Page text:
The White Witch
Tallahassee like any charming Southern City has its fair share of ghost stories, and one of the most famous is that of the “White Witch.” The large burial monument of Elizabeth “Bessie” Budd-Graham is less than conspicuous in its westerly facing position within Tallahassee’s oldest public cemetery. The curious grave is as unique as the legend that memorializes the woman who lies there.
The Old City Cemetery, established in 1829, represent a cross-section of Tallahassee during the 19th century. Its inhabitants include governors, merchants, war veterans, victims of yellow fever, slaves and plantation owners. In 1889, Elizabeth Budd-Graham, a beautiful 23-year-old wife and mother, was buried beneath an elaborate headstone in the public cemetery. Immediately following her death, tounges began wagging and stories sprang up around the ornate memorial.
Elizabeth was born in the dark days of the month of October where the supernatural reigns supreme. Unlike the rest of the cemetery markers, and contrary to Christian tradition, the gravestone faces West.
Most mysterious of all is Elizabeth’s epitaph, an excerpt from Lenore, Edgar Allen Poe’s ode to a dearly departed young love: “Ah! Broken is the golden bowl. The spirit flown forever! Let the bell toll! A saintly soul Floats on the Stygian River; Come let the burial rite be read The funeral song be sung; An anthem for the queenliest dead That died so young A dirge for her the doubly dead In that she died so young.”
The Tallahassee gossip mill circulated rumors that young Elizabeth had put a spell on her wealthy husband, betwitching him into marrying her. Legend has it that the lovely young women was a “good witch” who only cast spells of love and protection. However, there is no documentation that Elizabeth practiced witchcraft.
To this day, many curious visitors, psychics, and witches visit her grave. Many of those who visit leave gifts for the white witch. It is said that if you visit, she will show up in your dreams that night.
A Protective Spirit
Few know that located in the Arbor Hills community adjacent to Killearn Estates are the remains of a once massive Prehistoric Native American Village. Known today as the Velda Mound, A chain length fence, a smattering of benches, and a thick covering of trees cloak the ancient mound.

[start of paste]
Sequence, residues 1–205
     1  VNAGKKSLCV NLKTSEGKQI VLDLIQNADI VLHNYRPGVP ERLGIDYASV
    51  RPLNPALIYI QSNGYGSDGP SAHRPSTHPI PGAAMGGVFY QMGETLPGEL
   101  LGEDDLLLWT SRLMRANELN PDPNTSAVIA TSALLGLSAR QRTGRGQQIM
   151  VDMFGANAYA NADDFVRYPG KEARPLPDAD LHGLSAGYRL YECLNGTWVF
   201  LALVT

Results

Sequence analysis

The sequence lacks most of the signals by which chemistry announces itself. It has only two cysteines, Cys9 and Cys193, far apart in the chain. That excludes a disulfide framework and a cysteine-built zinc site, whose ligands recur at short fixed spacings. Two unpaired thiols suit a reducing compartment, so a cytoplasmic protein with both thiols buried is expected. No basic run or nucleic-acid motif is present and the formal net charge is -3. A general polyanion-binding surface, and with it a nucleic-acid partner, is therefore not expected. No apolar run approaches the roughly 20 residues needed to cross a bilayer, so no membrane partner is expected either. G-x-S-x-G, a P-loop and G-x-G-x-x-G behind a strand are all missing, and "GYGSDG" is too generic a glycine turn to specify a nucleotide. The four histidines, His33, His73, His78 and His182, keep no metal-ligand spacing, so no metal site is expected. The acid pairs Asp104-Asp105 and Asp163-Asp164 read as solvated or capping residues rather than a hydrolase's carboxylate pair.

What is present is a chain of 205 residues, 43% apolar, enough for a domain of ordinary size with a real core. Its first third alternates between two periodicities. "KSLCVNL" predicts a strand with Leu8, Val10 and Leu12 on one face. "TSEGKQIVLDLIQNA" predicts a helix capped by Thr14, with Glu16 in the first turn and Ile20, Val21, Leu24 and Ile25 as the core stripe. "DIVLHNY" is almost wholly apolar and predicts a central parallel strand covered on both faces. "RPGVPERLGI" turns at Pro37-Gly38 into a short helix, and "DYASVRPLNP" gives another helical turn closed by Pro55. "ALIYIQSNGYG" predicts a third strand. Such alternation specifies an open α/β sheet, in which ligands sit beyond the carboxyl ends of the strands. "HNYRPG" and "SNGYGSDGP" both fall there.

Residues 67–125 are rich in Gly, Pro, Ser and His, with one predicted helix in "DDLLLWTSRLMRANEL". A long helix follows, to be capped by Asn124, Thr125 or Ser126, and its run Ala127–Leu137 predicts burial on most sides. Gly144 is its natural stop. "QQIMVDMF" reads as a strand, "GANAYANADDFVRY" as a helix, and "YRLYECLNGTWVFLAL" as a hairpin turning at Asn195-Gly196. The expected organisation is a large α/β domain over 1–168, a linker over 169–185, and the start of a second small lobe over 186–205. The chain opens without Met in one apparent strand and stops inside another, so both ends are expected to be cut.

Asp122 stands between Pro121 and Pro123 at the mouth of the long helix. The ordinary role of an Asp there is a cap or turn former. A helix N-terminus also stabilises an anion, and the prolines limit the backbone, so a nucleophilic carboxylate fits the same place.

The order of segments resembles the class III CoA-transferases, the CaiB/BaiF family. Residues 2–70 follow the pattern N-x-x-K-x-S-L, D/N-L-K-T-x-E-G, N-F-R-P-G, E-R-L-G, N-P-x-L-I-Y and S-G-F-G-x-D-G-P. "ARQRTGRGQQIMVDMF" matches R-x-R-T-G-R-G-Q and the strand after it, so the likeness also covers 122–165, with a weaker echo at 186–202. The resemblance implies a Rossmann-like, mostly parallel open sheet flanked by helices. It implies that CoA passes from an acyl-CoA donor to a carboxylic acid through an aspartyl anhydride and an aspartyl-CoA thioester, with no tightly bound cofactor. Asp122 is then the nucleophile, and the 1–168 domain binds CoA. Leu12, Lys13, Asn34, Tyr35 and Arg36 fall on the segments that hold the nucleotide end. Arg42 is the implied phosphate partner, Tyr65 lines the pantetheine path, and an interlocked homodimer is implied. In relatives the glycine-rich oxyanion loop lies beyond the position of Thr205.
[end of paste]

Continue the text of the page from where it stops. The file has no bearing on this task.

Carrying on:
Originally the site was home to the prehistoric peoples of the Fort Walton Culture. Later, the site became the location of a large Apalachee Village. Abandoned in approximately 1625, many say that the mound has a strong supernatural force that protects the mound. Once the site of the most important spiritual and political activities for the village, the mound would have been a sacred space.
The mound takes its name from the Velda Dairy. A once working Dairy Farm, the Velda Dairy was an expansive farm in the early to mid 1900s that overtook much of the area that is today known as Killearn. At one point, the Dairy farmer drove a bulldozer into the large mound (not knowning what it was.) They stopped almost immediately as they uncovered what looked to be important artifacts and remains.
After the dairy farmers uncovered the important historic site, Archelogists were called in to survey the area. While the project was underway, fortune seekers/ looters wandered onto the site hoping to steal some of the artifacts. Unfortunatly, one of the looters sunk into the earth as a chasm opened beneath her. Her companions attempted to save her, but were unable to.
There have been sightings of ghostly figures sitting by a fire at night, and a white, glowing wolf that prowls the premises (perhaps a spirit gaurding the mound?) Locals swear they hear it howling, night after night.